The port smell of oil and gas, fish and wet wood. It’s a familiar combination that evokes the dock and fish market at H&M landing near where I grew up in San Diego, California and of childhood adventures in Southeast Alaska. Chile’s main port of Valparaiso lies a short two hour bus ride from Santiago and has all of the characteristics of just that; a large, working port city. Huge shipping containers of recycling destined for China, docking cruise ships filled with Dick and Dorises from the US and the Commonwealth, fish mongers, naval warships. The list goes on. But what separates Valparaiso from the average port is its vibrant street art; the city is a virtual canvas.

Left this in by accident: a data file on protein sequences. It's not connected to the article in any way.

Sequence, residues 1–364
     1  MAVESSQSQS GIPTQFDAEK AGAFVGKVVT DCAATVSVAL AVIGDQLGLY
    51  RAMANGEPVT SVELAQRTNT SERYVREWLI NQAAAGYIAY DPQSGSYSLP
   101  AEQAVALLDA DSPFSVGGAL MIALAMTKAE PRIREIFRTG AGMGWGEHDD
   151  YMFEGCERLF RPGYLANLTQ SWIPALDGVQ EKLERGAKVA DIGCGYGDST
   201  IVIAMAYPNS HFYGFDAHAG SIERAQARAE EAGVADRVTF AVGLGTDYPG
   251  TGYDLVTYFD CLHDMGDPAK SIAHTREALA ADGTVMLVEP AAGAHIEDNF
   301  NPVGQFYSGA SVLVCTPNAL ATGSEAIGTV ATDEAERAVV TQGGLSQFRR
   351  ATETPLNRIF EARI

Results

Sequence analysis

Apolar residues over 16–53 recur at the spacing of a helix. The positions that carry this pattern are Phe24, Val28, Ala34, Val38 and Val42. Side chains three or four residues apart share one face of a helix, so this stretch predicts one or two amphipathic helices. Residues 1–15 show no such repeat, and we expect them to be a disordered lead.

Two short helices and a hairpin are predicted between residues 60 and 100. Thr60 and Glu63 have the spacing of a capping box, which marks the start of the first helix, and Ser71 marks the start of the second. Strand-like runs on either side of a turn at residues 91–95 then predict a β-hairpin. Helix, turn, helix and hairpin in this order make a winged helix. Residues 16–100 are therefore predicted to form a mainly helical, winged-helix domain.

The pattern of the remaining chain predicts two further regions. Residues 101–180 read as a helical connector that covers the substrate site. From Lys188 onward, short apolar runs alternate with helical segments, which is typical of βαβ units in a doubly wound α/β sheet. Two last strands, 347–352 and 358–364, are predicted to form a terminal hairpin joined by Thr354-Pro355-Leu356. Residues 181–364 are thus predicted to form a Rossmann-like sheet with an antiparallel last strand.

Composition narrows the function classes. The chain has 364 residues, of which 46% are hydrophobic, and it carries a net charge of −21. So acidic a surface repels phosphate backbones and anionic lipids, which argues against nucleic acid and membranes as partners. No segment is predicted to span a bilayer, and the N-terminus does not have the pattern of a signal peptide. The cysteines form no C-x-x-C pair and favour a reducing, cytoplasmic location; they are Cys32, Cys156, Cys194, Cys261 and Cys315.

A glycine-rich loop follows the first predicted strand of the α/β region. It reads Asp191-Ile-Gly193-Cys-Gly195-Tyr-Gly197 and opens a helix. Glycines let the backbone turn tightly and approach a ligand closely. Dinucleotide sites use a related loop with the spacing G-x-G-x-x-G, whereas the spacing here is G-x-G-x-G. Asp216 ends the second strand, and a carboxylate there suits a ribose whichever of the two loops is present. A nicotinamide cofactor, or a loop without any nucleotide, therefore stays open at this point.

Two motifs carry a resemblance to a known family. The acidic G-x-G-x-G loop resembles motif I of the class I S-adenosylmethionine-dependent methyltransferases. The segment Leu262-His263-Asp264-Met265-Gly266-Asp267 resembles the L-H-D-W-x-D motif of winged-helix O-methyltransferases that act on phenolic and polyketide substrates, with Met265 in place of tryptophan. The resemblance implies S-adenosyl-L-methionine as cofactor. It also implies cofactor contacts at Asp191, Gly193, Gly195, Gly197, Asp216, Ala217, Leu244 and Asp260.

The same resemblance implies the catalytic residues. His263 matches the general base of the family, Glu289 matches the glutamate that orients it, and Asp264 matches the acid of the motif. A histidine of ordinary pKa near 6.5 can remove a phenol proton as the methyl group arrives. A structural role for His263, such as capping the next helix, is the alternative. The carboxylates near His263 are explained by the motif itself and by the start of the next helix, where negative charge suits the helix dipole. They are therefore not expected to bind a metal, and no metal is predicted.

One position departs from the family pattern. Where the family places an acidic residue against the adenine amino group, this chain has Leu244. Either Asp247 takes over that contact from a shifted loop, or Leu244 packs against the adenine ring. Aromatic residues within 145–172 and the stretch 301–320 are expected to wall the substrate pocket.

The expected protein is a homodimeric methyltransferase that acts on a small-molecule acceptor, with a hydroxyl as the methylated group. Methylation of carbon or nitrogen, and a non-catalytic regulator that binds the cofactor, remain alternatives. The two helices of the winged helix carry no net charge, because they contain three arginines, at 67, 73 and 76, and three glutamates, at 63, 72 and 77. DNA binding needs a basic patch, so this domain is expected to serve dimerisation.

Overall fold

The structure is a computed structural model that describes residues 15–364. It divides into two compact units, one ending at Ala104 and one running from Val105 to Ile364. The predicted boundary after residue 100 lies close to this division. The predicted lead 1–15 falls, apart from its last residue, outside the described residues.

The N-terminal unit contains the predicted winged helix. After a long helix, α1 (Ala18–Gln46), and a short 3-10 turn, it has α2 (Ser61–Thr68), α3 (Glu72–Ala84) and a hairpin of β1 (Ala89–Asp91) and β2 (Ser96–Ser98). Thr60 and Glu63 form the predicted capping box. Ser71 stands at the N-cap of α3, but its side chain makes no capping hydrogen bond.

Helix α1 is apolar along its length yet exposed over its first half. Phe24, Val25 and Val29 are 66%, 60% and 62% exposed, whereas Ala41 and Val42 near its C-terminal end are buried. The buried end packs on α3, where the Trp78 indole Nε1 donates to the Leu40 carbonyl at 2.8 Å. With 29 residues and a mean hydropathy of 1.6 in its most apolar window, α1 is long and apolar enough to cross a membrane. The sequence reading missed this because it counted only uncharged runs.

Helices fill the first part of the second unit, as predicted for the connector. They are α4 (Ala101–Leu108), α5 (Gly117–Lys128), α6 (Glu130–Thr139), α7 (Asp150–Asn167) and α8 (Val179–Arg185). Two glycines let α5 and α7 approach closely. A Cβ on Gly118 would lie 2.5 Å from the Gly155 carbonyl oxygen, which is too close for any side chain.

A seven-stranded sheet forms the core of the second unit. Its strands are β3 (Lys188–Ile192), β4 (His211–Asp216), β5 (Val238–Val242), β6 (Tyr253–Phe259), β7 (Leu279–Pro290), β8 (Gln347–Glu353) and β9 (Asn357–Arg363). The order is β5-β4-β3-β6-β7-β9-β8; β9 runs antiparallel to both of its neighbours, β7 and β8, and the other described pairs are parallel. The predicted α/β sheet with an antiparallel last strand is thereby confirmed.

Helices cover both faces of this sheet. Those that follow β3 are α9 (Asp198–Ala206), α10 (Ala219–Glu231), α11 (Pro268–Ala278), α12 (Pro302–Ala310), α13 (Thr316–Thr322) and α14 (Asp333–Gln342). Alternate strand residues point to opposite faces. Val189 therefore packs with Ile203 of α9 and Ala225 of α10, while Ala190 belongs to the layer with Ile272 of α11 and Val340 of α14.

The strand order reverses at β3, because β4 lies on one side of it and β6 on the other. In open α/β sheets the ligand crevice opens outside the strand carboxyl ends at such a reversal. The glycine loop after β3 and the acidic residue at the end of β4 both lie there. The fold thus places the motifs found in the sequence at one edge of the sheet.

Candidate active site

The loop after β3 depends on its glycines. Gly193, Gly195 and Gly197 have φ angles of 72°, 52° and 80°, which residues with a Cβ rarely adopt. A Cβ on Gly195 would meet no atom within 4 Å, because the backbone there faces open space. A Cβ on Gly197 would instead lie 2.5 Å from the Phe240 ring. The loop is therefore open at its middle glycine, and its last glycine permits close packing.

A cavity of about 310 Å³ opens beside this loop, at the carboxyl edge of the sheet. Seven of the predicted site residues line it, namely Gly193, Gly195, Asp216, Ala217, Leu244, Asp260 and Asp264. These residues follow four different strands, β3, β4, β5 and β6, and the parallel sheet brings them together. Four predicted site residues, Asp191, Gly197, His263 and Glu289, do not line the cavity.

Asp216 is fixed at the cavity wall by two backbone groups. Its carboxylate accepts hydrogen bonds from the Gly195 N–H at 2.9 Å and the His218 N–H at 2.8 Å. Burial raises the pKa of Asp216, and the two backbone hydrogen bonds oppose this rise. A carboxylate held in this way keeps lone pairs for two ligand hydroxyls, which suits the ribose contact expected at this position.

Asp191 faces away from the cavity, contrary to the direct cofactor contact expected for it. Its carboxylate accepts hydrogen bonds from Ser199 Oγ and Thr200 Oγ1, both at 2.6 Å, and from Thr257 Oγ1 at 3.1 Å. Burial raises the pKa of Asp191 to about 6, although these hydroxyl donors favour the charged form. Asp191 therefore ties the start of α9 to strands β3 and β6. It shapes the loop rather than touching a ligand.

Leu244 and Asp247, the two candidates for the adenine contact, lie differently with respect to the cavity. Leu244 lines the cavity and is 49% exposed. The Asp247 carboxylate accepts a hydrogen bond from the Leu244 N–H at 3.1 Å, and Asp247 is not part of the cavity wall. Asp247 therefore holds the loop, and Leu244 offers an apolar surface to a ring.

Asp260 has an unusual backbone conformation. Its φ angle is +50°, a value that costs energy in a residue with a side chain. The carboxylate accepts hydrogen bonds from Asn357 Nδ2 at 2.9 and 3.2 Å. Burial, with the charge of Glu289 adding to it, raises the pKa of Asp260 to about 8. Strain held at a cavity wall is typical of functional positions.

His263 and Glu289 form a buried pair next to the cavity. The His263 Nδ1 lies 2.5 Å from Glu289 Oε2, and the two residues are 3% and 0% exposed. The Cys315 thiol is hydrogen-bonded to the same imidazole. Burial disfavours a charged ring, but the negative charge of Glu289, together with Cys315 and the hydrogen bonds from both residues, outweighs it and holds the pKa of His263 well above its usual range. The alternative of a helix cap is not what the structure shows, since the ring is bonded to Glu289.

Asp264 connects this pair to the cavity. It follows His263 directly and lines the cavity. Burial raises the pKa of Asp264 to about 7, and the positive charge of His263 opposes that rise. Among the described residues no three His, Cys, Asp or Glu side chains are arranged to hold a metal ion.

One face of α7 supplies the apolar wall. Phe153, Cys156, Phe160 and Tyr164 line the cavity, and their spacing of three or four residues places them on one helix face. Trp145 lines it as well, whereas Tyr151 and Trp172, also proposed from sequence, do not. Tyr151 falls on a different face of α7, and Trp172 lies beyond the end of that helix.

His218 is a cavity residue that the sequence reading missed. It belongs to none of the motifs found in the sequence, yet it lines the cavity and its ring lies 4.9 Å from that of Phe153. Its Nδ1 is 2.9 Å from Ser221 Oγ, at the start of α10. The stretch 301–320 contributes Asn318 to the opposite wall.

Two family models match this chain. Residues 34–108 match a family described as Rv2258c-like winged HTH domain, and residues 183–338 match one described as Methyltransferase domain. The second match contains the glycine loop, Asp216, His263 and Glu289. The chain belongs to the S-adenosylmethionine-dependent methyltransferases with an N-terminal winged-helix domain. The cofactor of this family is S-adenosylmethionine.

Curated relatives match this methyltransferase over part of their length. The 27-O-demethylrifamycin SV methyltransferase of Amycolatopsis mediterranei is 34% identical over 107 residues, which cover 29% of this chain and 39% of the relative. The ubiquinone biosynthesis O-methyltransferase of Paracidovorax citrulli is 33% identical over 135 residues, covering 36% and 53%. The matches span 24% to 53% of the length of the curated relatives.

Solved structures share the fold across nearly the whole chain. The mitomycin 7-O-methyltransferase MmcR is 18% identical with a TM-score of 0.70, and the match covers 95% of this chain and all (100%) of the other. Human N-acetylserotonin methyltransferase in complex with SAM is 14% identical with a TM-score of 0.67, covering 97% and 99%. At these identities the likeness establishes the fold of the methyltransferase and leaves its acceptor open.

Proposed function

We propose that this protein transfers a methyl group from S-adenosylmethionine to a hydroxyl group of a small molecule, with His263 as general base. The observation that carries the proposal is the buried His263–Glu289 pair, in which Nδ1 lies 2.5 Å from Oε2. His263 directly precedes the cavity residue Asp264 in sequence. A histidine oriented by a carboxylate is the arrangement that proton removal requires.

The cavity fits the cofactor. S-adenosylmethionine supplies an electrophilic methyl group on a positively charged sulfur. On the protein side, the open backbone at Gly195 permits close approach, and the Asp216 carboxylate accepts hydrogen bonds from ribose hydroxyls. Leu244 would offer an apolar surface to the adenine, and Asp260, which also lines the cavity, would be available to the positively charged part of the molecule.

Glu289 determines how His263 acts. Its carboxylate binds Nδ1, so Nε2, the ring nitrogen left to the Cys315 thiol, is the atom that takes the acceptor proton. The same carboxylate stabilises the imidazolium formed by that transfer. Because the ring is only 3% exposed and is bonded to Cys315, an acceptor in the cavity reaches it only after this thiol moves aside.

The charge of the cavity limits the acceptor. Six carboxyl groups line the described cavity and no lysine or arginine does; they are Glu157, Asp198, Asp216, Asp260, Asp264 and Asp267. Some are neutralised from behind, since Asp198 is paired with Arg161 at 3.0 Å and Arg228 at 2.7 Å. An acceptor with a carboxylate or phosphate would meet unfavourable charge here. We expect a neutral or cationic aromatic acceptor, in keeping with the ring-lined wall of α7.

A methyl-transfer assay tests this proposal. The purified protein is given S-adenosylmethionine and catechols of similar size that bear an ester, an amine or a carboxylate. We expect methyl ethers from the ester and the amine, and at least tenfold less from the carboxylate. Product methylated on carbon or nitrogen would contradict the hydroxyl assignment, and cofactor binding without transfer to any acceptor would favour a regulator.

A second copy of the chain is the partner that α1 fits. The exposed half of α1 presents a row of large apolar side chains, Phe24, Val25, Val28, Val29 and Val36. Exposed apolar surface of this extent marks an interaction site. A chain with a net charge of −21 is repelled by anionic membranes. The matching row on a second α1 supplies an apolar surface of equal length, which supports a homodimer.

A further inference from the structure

Around the city, there is a myriad of murals of varying complexity, but remarkable quality. Because the street art is so good, you are bound to find one you are drawn to even more the last around the winding, cobbled streets as you wander. Valparaiso also has an interesting history, complete with the first brewery or cervezeria in Chile, and was seized by the Chilean navy during Pinochet’s 1973 coup. It is most definitely one of those places that you should plan to see but not make a plan for. Wander the streets, stop and sit at a cafe and talk to locals in between searching for art. As a free outdoor museum, it is a brilliant blend of past and present, and the city’s art will certainly contribute to its identity into the future.